As ROBOT 6’s sixth-anniversary celebration winds down, our contributors look back at some of their favorite comics of 2014, from Ms. Marvel and The Multiversity to Sex Criminals and How to Be Happy.
Let us know what some of your favorites of 2014 were in the comments section.
Jason Little launched his ambitious webcomic Borb earlier this year, telling the story of a homeless man through a series of four-panel comic strips — an homage to Great Depression-era newspaper strips like Little Orphan Annie and Gasoline Alley. In April, Uncivilized Books will release a 96-page collection of the strips.
Courtesy of Uncivilized Books, ROBOT 6 is pleased to present a preview of Borb. Check out the preview and some additional information from the publisher below.
When art school students graduate, they understandably don’t always hit the ground running, creatively. However, in his debut graphic novel from Nobrow, Art Schooled, London-based illustrator (and recent graduate) Jamie Coe found great storytelling fodder with a series of vignettes about a small-town guy who moves to the city in hopes of becoming an artist.
Speaking with ROBOT 6, Coe recalls finding his narrative voice while discovering those of his characters, and why it was critical that this journey from kid to adult be told in full color. Be sure to check out the preview at the end of the interview.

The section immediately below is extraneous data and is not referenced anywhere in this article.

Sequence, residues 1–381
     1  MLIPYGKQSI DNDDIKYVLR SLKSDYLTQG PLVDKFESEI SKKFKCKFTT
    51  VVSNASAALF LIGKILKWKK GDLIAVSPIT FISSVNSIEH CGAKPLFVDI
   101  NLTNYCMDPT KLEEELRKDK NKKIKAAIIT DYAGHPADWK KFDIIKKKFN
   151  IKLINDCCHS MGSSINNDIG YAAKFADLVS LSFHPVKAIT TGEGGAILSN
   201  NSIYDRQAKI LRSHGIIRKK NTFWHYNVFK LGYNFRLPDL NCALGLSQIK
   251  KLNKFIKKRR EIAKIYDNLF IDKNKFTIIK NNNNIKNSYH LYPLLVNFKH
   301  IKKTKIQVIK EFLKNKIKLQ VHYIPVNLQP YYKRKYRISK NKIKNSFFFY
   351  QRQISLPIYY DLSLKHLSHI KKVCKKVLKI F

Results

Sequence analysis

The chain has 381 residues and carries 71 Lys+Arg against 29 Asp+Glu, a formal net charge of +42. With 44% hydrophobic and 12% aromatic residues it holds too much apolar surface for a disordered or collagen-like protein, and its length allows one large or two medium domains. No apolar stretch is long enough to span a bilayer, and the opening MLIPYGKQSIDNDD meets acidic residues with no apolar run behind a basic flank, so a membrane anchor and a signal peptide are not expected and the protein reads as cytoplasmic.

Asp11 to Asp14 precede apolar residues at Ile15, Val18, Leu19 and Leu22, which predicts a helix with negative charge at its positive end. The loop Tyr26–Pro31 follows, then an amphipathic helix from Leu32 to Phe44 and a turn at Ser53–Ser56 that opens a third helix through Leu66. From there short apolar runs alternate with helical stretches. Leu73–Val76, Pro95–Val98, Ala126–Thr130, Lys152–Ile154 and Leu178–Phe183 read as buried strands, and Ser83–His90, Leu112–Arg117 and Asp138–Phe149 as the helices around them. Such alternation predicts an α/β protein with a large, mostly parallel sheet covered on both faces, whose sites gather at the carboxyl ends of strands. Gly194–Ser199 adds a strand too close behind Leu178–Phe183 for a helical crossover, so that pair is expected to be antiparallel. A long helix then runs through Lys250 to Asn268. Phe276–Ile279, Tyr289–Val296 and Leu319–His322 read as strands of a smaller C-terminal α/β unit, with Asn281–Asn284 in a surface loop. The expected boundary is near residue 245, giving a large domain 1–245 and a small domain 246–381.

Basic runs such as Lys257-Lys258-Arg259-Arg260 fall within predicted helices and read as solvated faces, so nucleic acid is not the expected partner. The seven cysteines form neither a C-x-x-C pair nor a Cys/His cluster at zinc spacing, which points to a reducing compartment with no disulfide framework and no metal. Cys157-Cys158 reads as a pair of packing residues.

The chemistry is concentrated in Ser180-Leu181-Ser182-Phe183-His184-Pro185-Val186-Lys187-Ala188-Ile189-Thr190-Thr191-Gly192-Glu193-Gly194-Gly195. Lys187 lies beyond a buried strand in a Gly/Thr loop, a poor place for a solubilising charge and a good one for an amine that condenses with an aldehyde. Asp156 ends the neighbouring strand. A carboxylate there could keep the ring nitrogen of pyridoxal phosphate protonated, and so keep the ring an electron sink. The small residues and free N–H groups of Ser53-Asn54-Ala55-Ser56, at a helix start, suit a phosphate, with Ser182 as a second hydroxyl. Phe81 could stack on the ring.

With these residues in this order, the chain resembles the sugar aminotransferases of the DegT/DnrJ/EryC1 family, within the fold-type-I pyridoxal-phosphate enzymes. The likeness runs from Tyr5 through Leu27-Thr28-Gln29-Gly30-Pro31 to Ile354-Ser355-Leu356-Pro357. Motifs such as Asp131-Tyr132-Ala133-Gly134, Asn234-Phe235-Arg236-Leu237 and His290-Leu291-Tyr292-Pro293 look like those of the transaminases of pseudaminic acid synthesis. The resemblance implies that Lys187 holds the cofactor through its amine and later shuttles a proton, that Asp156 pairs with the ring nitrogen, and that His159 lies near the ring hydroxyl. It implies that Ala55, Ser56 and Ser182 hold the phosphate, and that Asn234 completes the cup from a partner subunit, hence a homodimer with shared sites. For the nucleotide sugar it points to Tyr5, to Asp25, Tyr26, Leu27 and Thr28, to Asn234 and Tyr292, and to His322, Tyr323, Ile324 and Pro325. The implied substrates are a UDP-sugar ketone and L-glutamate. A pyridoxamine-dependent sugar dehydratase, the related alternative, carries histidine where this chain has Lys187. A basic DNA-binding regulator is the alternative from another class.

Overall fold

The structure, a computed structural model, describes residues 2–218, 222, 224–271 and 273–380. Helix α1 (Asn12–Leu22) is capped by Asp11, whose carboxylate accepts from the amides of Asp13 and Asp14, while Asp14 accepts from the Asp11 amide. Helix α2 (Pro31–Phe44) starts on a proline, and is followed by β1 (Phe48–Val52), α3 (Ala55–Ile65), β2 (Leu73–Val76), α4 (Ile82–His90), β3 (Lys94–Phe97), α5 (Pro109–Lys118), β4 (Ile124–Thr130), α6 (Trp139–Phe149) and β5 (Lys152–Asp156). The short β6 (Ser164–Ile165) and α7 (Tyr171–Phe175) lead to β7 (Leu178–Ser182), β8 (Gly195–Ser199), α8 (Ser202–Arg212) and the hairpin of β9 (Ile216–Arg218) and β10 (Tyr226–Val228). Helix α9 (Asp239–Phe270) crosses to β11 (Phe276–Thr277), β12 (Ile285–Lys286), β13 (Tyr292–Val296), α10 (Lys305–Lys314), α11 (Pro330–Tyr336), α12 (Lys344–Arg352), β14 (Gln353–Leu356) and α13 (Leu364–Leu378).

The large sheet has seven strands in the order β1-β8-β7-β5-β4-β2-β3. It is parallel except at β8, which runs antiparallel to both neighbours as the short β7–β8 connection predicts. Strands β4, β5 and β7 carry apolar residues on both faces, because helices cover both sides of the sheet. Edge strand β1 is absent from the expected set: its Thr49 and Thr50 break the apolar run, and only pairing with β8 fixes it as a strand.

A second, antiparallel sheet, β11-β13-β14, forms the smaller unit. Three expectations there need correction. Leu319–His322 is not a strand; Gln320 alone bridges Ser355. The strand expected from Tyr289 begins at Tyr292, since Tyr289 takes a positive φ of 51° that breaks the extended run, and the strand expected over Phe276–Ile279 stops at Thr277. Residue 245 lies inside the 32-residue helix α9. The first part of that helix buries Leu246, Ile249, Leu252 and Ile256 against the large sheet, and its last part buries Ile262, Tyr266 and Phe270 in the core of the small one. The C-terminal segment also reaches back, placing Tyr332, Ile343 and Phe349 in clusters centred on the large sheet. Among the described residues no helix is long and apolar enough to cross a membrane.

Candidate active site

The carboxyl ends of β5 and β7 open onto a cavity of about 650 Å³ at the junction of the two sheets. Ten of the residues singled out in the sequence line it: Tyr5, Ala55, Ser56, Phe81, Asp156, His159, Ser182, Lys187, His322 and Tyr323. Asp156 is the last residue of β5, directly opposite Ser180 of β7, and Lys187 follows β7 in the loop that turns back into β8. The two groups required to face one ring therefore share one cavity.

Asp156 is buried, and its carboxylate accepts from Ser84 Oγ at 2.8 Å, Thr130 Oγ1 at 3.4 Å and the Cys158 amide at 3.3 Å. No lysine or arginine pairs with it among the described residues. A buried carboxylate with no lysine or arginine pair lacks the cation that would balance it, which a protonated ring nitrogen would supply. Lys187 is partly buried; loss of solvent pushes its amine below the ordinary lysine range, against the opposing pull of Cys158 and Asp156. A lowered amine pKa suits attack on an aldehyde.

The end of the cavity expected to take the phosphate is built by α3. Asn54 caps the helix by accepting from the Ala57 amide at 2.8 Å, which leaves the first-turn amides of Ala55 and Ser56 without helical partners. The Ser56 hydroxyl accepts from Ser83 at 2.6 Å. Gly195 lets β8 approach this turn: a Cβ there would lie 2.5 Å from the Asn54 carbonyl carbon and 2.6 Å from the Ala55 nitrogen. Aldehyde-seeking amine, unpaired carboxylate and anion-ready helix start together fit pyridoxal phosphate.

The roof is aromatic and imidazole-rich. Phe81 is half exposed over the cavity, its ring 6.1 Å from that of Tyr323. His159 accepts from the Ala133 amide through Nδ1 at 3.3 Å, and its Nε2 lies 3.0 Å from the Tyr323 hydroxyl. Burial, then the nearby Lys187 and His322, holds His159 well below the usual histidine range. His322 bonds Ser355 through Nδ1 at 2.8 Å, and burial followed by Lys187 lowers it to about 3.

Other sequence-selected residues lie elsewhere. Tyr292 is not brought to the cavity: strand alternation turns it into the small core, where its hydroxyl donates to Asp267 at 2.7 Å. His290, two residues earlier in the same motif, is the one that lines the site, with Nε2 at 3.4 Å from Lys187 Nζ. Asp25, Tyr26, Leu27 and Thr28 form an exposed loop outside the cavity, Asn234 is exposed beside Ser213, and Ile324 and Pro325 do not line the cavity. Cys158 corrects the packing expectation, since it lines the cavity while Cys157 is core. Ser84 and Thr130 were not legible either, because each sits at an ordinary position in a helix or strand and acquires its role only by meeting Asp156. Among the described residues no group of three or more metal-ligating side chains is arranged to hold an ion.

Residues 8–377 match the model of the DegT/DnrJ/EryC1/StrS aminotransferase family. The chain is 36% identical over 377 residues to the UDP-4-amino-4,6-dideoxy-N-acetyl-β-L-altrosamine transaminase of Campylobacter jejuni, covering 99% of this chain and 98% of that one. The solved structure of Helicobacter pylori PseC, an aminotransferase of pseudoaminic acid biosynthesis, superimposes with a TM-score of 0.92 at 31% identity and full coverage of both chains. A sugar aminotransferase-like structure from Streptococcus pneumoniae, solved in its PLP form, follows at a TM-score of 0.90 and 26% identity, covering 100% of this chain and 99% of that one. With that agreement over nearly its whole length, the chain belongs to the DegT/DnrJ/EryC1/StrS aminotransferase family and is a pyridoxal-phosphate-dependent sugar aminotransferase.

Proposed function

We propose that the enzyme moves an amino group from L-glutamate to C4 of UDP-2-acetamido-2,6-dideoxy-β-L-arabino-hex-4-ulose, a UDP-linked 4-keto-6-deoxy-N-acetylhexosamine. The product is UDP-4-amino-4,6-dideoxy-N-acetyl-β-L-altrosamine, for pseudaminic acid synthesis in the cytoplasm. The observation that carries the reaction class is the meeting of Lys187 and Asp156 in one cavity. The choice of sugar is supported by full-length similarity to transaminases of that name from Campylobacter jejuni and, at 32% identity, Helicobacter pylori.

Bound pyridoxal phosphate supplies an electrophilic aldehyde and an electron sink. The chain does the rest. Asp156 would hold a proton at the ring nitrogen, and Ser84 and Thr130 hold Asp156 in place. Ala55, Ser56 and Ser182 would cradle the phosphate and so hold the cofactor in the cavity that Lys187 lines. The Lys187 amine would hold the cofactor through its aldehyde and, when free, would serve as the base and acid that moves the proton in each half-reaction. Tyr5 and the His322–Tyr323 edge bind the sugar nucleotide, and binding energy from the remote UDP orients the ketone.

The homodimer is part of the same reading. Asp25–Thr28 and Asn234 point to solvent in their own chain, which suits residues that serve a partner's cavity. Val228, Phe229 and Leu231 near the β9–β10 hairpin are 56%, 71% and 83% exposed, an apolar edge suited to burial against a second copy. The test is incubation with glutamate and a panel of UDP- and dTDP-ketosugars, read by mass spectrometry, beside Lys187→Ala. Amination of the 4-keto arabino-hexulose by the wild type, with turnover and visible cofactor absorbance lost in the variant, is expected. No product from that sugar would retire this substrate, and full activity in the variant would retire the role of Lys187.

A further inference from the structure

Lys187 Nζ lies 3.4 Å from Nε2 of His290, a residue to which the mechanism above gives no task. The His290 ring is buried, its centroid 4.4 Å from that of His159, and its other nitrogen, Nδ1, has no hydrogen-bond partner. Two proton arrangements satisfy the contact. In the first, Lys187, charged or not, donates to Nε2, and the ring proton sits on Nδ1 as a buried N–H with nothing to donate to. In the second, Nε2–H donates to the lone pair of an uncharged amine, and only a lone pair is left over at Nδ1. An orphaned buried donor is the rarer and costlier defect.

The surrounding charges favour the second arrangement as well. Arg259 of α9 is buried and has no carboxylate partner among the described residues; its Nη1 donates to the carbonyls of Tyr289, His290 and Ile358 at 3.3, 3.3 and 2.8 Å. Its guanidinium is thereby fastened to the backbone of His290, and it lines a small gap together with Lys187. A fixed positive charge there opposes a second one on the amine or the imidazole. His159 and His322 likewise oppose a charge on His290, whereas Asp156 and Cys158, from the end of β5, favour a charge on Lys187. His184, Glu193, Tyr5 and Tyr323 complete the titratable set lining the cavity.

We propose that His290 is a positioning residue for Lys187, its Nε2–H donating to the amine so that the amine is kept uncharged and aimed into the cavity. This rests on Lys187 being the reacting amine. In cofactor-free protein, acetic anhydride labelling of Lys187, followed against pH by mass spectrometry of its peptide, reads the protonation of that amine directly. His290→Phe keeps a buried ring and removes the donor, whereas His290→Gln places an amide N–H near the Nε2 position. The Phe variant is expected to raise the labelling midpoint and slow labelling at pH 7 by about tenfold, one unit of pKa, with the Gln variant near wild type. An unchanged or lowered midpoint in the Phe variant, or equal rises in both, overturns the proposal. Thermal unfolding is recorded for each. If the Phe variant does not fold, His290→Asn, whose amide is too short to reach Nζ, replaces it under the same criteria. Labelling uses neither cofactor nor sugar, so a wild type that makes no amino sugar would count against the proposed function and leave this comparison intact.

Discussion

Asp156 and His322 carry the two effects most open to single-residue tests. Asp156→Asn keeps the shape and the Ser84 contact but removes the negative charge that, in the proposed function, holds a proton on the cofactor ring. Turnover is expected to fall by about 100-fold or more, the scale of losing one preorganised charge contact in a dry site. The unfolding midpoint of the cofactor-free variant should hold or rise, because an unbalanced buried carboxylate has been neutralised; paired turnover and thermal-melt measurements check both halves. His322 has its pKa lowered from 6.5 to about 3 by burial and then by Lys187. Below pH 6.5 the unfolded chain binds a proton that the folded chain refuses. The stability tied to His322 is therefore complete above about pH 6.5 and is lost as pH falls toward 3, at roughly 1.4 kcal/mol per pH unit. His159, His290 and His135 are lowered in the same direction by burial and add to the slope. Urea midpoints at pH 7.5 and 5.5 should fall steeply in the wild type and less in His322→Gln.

Later this year, Koyama Press will publish Confetti, a collection of the comics, paintings, sculptures and more from Toronto-based artist Ginette Lapalme. According to the publisher, “Lapalme uses cartoons and junk culture as raw material to make ‘cute’ subversive and ‘pretty’ punk.”
Check out the preview below, and look for the collection in May. Our thanks to Koyama for all the previews it provided for our anniversary celebration.
Best known for his award-winning “slice-of-life fantasy” webcomic Tails, Ethan Young turns from the semi-autobiographical to historical fiction for his next project. Nanjing: The Burning City, a graphic novel due out later this year from Dark Horse, tells the story of two Chinese soldiers during the night before the Nanjing Massacre.
This will be big for Young; not only will the year see the release of a graphic novel he’s been planning since college, but he and his wife are also expecting their first child. We spoke about the project, fatherhood and more.